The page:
The University of California, Irvine just became home to perhaps the greatest collection of California art ever assembled. The Orange County university has been bequeathed the vast art holdings of reclusive late Newport Beach property developer and collector Gerald E. Buck. Valued in the tens of millions of dollars, the majority of the 3,200-piece collection hasn’t been exhibited publicly, with the exception of the occasional museum loan.
The art world seems to have sobered up after Wednesday night’s paradigm-shifting sale of Leonardo da Vinci’s Salvator Mundi for $450 million at Christie’s. At its fall evening sale on Thursday, Phillips achieved a solid total of $113.8 million, falling squarely within its presale estimate of $90—123.5 million, with a 96% sell through rate and 40 of the 44 total lots sold.
Ever since it emerged in September that curator Adam Szymczyk’s hugely ambitious, two-country documenta 14 led the historic art show to the brink of financial collapse, the art world has been wondering: What caused the enormous deficit? Now we have an answer. The independent auditor PriceWaterhouseCooper presented its report at a board meeting for documenta’s parent company on Wednesday, estimating the deficit for fiscal year 2017 at €5.4 million ($6.3 million).
Muck Rack makes it simple to find people, tweets, or articles that mention any name, keyword, company, hashtag etc. We've compiled this guide to help you make the most of your search.
Selecting a term
Start searching tweets, articles from media outlets, articles mentioned in tweets, journalists'
names, titles and bios with some suggested searches:
Companies or Topics (e.g. iPhone, Microsoft)
Phrases (e.g. "cloud computing") — use quotes to keep the terms together
Twitter handles (e.g. @username) — returns those who have mentioned or replied to
Names (e.g. "David Pogue")
Hashtags (e.g. #sxsw, #london2012)
Bio details (e.g. vegan, Olympics, father)
Muck Rack's Advanced Search allows for many boolean operators.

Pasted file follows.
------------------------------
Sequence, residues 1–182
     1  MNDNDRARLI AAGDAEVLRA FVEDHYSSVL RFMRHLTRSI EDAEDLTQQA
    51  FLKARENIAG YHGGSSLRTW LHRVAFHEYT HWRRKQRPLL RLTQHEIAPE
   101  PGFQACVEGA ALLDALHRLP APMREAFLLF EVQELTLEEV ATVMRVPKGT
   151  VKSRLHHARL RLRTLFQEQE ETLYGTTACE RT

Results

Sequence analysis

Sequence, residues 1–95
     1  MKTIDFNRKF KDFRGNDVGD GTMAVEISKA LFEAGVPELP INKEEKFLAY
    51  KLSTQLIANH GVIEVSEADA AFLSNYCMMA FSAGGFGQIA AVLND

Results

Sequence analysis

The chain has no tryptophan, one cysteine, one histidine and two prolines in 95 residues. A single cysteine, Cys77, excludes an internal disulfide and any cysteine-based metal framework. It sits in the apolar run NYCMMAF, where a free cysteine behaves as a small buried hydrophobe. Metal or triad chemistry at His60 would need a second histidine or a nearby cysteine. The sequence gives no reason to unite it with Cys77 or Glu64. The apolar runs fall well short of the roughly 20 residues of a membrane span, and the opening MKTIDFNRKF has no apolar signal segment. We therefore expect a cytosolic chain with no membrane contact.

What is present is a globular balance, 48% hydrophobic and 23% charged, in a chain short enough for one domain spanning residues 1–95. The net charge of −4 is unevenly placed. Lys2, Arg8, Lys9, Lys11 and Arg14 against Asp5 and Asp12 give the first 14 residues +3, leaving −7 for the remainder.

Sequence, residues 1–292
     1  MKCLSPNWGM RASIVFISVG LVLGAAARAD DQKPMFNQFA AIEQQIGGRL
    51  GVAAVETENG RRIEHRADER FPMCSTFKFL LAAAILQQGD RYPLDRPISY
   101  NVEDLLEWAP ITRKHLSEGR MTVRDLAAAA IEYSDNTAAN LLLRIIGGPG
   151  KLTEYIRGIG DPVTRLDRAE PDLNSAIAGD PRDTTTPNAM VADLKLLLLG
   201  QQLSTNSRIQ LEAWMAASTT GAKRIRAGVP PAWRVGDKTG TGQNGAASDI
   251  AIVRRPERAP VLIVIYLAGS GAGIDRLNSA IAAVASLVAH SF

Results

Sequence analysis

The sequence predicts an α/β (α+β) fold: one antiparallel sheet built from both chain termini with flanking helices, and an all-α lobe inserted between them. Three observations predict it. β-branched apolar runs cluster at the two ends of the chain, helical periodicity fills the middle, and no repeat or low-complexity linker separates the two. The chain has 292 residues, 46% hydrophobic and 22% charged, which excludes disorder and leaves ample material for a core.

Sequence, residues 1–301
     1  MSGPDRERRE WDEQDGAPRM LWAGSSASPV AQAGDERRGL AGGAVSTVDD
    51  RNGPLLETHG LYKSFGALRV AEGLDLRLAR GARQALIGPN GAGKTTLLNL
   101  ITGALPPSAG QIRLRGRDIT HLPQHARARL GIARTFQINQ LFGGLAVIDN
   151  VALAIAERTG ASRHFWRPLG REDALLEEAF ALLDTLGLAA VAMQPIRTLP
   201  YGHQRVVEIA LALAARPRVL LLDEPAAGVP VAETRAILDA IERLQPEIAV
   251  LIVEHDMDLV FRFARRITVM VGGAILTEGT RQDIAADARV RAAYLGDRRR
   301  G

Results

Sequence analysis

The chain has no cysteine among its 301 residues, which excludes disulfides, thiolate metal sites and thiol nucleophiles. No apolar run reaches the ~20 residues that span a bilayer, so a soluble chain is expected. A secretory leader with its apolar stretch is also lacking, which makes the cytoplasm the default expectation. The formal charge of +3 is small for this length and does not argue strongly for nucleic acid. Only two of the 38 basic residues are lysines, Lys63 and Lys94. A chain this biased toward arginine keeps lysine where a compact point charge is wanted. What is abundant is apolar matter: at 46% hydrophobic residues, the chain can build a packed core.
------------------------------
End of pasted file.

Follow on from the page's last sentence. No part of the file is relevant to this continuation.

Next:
Find results that mention multiple specified terms, use AND or
+. For example, ensure each result contains both Elon Musk and Mark Zuckerberg by
searching Musk AND Zuckerberg or Musk + Zuckerberg.
Use the operators OR or , to broaden your search when you'd like either of
multiple terms to appear in results. (This is the default behavior of our search when no operators
are used). For example, results will contain either cake or cookie by searching cake OR cookie or cake,cookie
Use NOT or - to subtract results from your search. For
example, searching Disney will yield results about the Walt Disney Company as well as Walt Disney
World Resort. To exclude mentions of Disney World, search for Disney -World or Disney
When using one of these operators with a phrase, enclose it in quotation marks. For example, you can
find results about smartphones excluding Apple's iPhone 4S by searching smartphone -"iPhone
Exact case matching or punctuation
If you're searching for a brand name or keyword that relies on specific punctuation marks or capitalization, you can
find results that match your exact query by adding matchcase: before the keyword you're searching for, like matchcase:E*TRADE .
Use parentheses to separate multiple
boolean phrases. For example, to find journalists talking about having fun in Disney World or
Disneyland, search for ("disney world" OR disneyland) AND fun.
An asterisk can be used to search for any variation of a root word truncated by the asterisk. For example, searching for admin* will return results for administrator, administration, administer, administered, etc.
A near operator is an AND operator where you can control the distance between the words. You can vary the distance the near operation uses by adding a forward slash and number (between 0-99) such as strawberries NEAR/10 "whipped cream", which means the strawberries must exist within 10 words of "whipped cream".